SUN Lab presented the results of the third year of the SUN project
SUN Lab presented the results of the third year of the project “Smart technologies to monitor, model and evaluate ecosystem services provided by urban green infrastructure and soils to support decision making in sustainable city development under global changes”, supported by a Russian Science Foundation (RSF).
Research in the third year of the project was focused on 3 main objectives:
- monitoring of ecosystem services of urban green infrastructure based on the Smart Urban Nature network;
- interpretation of monitoring data for ecosystem services for various target groups and practical tasks;
- application of the results of monitoring and modeling ecosystem services to support decision-making in the field of sustainable development of the urban environment.
SUN Lab scientist explained how particular hot spots in a city form an urban heat island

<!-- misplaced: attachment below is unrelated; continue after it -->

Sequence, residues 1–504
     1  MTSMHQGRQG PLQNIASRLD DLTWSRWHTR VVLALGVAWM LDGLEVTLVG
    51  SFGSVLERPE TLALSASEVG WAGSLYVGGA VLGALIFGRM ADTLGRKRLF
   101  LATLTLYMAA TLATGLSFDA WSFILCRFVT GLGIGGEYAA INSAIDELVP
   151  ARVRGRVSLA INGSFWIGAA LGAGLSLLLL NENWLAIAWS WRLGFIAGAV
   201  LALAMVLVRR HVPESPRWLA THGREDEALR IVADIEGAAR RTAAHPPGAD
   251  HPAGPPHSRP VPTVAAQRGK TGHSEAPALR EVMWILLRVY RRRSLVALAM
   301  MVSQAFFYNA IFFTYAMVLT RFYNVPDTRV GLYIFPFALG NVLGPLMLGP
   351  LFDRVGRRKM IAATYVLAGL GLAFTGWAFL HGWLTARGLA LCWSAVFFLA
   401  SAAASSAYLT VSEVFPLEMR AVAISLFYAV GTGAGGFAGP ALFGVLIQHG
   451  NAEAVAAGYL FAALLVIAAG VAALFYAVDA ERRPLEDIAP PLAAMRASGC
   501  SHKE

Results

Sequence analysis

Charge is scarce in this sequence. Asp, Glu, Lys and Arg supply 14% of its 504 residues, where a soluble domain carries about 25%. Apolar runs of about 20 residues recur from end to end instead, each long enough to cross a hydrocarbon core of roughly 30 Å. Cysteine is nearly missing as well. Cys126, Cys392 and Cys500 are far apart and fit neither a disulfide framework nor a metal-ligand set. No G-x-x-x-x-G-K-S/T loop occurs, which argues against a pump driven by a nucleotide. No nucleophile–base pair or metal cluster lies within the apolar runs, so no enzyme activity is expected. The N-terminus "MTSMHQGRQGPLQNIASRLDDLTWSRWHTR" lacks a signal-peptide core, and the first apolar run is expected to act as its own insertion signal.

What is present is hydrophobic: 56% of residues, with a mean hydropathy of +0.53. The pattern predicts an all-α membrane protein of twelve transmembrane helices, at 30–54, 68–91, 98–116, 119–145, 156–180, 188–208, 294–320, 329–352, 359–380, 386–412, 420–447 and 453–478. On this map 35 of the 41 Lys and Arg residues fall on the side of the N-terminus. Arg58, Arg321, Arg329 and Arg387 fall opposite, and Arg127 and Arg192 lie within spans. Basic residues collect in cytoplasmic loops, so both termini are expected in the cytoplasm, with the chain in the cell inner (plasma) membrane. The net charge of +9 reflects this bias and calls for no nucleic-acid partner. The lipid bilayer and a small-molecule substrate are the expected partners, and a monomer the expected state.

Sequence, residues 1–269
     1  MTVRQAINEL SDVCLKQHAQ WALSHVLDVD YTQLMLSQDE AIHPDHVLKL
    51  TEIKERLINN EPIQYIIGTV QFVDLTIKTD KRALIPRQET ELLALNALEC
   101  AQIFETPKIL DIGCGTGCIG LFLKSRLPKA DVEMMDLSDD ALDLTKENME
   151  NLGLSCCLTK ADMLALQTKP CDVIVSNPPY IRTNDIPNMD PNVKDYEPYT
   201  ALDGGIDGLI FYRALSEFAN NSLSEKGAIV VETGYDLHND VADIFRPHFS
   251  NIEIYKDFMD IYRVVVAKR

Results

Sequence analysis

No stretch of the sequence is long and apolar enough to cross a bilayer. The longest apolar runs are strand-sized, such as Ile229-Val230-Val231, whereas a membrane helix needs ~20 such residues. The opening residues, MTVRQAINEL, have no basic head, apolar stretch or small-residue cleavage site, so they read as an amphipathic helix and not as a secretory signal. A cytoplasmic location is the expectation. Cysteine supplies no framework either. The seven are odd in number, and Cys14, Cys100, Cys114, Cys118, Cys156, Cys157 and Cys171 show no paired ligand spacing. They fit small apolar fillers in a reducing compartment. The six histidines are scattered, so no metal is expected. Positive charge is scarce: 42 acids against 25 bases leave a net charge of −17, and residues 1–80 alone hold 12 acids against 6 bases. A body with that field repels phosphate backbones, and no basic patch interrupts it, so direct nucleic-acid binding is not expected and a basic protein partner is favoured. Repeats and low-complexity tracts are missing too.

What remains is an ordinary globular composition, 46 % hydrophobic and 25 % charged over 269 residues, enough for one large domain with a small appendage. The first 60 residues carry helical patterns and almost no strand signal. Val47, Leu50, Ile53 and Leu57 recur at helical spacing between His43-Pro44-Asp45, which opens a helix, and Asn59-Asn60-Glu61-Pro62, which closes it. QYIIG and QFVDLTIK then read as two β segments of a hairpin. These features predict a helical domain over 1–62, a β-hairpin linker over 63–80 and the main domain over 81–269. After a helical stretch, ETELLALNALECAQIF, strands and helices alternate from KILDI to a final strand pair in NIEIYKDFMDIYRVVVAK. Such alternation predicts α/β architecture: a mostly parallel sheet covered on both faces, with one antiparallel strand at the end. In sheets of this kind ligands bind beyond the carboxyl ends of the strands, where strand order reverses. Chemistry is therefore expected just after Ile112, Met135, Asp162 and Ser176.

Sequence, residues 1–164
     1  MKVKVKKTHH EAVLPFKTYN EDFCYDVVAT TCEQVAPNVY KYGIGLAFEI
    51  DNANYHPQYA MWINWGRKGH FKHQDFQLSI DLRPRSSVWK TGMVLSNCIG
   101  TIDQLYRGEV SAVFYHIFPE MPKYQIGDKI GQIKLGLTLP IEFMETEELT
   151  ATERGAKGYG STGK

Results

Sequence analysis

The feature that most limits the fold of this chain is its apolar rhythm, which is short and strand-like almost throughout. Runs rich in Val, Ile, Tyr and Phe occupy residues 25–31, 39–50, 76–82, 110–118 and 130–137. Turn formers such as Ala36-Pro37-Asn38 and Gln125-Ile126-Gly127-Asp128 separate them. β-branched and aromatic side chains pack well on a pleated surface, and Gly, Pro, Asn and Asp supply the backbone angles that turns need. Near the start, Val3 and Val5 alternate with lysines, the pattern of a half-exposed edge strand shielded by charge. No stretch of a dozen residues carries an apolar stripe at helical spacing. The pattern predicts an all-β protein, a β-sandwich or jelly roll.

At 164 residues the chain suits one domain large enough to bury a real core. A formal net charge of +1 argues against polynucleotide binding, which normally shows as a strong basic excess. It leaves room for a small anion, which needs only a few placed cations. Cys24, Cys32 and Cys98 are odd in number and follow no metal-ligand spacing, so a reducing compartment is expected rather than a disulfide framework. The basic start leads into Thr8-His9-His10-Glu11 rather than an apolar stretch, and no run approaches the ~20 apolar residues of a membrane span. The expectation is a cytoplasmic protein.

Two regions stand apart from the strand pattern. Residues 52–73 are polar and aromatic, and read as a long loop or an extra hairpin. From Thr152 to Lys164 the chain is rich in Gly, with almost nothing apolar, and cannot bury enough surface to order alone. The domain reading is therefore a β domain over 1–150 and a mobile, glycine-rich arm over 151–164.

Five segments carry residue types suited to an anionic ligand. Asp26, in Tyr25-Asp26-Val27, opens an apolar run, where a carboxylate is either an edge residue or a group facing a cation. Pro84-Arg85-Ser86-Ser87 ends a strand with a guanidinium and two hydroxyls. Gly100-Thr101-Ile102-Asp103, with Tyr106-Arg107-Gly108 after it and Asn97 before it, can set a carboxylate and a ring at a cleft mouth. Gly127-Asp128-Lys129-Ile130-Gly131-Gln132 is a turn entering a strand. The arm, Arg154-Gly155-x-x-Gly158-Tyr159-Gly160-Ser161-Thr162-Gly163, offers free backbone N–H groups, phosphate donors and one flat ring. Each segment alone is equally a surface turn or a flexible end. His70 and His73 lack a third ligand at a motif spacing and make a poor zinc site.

SUN lab researcher Mikhail Varentsov in collaboration with Russian and German colleagues explained the patterns of temperature rise in megacities. Scientists from RUDN University, Moscow State University, Moscow Center for Fundamental and Applied Mathematics with colleagues from Ruhr University in Bochum (Germany), Freiburg University (Germany) and Berlin Technical University (Germany) found that not only the alternation of local climatic zones, as previously thought, but also the heterogeneity of the urban environment on a scale of several kilometres make a significant contribution to the formation of an urban heat island on the scale of the entire city. This can be compared to the synergy effect, when the result of the interaction of several factors is more powerful than the sum of the effects caused by the same factors separately.
SUN lab experts estimated pets’ significance within ecosystem services classification
Ongoing urbanization has led to a significant increase in the number of pets and has altered the relationships between pets and owners from primarily utilitarian to cultural. Today existing classifications of ecosystem services and nature’s contributions to people explicitly consider only the ES provided by livestock and wild animals. Despite this, scientists from Smart Urban Nature laboratory tried to give it a fresh view and attempted to translate perceived benefits and costs from owning dogs or cats in a megapolis into ecosystem services and disservices frameworks considering such pets as natural biotic elements of a megapolis and thus, essential parts of urban ecosystems.